Form Check: Two Common Misconceptions Of The Traditional Push Up

training Sep 20, 2021
I used to get this wrong for years. I thought wide push ups was the best way to get a good stretch on the pec. I also spent a lot of time doing push ups in yoga with my elbow right by my side.
This isn't to say narrow or wide push ups are bad. But there are muscles I wasn't engaging and joint angles I wasn't aware of. Once I started cleaning up my form, I started dealing with less shoulder and elbow pain and I started feeling it more in my chest and even back muscles.
Push ups are one of the most universally used exercises in any gym, fitness class, or workout program. They are also the most commonly butchered, leading to shoulder pain, upper back pain, and even shoulder surgery.
There are two common misconceptions about push ups:
  1. They are a beginner exercise
  2. How push ups should be done
The first misconception is that push ups are beginner exercises that everyone can do. Here's why push ups are an advanced exercise:
  • A traditional push up on the toes is 64% of your bodyweight
  • A knee push up is 49% of your bodyweight
  • Elevating the hands on a 24-inch bench decreases the weight to 41% of your bodyweight
  • Elevating the feet on a 24-inch bench increases the weight to 75% of your bodyweight
This means for a 180lb man they are looking at the following weights:
  • 115lbs @ 64%
  • 88lbs @ 49%
  • 73.8lbs @ 41%
  • 135lbs @ 75%
Pretend you're on you back and imagine bench pressing those amounts.
For advanced lifters, that's no problem. You can progress with loaded drop sets, mechanical drop sets, or harder push up variations.
For beginners, these weights can be challenging, which is why it's important to start with lighter variations or start by pushing dumbbells in a floor press or bench press to build up strength.
The second misconception is how push ups should be done.
The three biggest mistakes made are:
  • Flaring of the elbows out wide like you would in a push up on a stationary bike
  • Rolling of the shoulders forward with the elbows coming back like in a yoga chaturanga push up
  • Excessive low back arch and butt sagging
A perfect push up should include:
  • The body is aligned from the heels to the head and remains that way for each rep. There shouldn't be any rotation in the body as you lower and lift. The shoulders are packed with the muscles behind the shoulder activated, stabilizing the head of the humerus.
  • The body should travel in a vertical plane the entire time. At the top of the push up, the shoulders stack over the wrists and the arms should be locked out. This protraction of the shoulders engages the serratus and allows the shoulder blades to glide around the rib cage.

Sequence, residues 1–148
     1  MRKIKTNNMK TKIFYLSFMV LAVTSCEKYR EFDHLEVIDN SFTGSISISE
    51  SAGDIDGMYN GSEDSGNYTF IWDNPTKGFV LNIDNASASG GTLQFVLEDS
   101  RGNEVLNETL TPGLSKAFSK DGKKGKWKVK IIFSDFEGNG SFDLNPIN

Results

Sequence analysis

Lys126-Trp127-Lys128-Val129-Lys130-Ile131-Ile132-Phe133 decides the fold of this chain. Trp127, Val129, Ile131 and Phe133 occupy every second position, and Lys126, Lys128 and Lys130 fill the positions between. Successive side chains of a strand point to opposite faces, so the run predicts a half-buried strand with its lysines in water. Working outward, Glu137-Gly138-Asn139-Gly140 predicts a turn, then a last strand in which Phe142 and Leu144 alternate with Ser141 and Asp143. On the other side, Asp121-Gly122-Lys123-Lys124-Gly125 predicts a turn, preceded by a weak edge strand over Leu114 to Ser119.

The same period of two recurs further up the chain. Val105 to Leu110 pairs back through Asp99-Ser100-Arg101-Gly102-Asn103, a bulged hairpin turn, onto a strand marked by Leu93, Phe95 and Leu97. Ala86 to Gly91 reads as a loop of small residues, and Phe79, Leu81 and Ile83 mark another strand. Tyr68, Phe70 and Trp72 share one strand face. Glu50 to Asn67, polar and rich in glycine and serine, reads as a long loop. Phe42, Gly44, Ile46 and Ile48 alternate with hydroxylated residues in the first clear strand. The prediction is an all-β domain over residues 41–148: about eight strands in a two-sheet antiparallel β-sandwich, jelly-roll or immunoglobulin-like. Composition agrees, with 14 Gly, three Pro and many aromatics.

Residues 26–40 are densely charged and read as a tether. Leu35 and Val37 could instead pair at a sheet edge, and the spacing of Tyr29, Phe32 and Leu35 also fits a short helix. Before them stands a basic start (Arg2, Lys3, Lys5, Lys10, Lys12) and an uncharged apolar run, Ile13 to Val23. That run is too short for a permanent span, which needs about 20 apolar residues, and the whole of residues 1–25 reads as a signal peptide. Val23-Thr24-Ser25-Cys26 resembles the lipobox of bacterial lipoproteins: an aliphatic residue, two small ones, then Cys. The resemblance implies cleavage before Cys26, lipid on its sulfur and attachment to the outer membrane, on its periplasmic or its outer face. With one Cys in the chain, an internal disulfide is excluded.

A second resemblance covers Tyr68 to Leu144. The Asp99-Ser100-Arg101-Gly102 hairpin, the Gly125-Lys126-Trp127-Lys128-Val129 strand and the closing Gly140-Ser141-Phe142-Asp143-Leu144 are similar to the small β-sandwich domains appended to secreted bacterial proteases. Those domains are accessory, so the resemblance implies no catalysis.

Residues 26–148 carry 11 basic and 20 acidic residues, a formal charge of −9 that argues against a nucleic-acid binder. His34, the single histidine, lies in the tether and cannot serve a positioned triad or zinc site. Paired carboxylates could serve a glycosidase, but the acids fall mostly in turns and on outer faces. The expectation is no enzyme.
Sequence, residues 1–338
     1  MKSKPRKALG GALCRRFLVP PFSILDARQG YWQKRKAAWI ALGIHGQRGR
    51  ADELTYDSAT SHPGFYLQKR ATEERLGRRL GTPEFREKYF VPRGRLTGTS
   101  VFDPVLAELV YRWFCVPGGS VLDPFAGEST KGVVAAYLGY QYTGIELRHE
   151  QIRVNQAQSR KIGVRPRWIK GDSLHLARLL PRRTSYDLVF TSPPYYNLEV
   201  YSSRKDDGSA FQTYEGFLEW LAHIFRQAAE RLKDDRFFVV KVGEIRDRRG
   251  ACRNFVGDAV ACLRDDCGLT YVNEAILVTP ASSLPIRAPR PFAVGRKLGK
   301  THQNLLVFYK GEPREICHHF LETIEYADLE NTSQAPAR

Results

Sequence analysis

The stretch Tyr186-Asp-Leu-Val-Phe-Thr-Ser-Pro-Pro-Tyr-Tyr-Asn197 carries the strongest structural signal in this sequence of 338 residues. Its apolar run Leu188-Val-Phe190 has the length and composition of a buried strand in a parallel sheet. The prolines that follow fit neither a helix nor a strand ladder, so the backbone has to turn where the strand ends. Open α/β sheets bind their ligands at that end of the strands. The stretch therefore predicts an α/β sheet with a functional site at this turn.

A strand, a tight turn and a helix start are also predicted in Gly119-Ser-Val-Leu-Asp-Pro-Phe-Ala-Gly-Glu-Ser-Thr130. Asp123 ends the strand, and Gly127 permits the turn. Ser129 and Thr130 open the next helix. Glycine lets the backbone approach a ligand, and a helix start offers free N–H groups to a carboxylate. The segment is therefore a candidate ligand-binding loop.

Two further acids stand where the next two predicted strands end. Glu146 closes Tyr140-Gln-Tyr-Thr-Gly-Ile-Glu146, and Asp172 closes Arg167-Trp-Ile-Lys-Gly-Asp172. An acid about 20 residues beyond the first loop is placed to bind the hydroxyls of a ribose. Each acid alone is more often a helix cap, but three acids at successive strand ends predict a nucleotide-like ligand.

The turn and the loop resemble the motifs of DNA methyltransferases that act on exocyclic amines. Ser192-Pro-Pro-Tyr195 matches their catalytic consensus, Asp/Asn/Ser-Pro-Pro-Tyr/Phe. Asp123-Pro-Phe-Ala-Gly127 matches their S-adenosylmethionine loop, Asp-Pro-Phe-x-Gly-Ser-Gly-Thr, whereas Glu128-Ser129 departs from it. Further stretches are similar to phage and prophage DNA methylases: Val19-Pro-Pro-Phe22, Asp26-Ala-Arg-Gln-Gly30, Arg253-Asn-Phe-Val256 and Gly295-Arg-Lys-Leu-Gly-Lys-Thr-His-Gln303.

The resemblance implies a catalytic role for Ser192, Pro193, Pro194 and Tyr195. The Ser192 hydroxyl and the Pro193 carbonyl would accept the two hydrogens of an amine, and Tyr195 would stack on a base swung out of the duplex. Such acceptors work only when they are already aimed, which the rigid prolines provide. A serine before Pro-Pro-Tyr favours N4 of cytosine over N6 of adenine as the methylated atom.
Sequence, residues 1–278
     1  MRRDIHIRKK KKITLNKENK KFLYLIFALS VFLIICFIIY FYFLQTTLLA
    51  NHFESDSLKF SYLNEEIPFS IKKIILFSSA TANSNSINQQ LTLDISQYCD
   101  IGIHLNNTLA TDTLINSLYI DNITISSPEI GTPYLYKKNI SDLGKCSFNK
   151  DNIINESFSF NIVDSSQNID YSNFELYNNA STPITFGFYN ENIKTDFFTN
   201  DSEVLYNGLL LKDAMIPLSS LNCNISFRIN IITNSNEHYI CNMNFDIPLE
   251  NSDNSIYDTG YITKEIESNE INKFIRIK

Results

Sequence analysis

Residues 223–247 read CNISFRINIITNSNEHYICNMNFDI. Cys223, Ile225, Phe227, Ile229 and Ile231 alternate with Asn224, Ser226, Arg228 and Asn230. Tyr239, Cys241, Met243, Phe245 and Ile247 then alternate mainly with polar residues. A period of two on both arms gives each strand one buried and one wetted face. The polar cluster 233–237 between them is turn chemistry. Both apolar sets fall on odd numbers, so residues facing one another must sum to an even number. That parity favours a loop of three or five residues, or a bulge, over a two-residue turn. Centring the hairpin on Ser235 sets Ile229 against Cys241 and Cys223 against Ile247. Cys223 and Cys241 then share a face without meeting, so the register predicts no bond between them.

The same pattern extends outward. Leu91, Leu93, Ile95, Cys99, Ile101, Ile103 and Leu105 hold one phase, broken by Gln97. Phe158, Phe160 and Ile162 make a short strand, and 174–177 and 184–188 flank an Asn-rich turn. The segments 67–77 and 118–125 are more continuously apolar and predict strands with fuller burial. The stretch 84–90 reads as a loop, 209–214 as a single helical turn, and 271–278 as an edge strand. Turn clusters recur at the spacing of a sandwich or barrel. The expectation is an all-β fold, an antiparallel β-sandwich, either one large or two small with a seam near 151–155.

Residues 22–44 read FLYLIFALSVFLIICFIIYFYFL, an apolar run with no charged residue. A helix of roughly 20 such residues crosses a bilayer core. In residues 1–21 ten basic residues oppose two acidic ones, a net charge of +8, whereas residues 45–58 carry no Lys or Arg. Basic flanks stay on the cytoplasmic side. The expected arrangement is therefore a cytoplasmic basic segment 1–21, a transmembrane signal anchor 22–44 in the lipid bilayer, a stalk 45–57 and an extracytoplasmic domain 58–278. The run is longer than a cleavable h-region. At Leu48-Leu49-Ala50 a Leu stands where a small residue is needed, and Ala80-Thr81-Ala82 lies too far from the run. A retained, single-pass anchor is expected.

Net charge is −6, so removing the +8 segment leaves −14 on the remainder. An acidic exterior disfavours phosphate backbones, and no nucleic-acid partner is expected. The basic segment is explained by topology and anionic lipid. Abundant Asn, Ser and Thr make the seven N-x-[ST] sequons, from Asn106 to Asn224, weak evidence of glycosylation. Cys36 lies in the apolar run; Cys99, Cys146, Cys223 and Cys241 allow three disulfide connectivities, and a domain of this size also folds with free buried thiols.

• During the lowering portion of the push up, the elbows should move away from the body at a 45-60 degree angle depending on the persons individual anthropometrics and body typing. At the bottom of the push up, the elbows should bend to 90 degrees with the option to go deeper for people that can control a deeper range of motion.
  • Throughout the movement, there should be tension throughout the body to help maintain a solid line. Squeeze the glutes to lock the pelvis in place. Pull your ribs to your pelvis to turn on the anterior core so your low back doesn't arm. Tuck your chin to your throat so you aren't looking up or lunging your neck forward.
Why Does This All Matter?
Shoulder injuries are one of the most common injuries in the gym. It is most commonly seen in the front side of the shoulder.
Because our posture is so anteriorly dominated, we round our shoulders in and forward into internal rotation.
Computers, TVs, cell phones, side sleeping, or even just sitting down. The common thread between all of these is that they roll our shoulders forward and in.
When we combine this with too much weight (misconception 1) or with improper form (misconception 2) we run the risk of driving our shoulders into even worse positions with weight and fatigue added to the equation.
One last thing to keep in mind as well. This applies to all horizontal presses, which is the movement pattern seen in all bench press variations.
If you can master the push up with proper alignment and mastery, then you can safely execute 1000s of other exercises with precision and feel confident that you'll avoid shoulder discomfort, pain, and injury.
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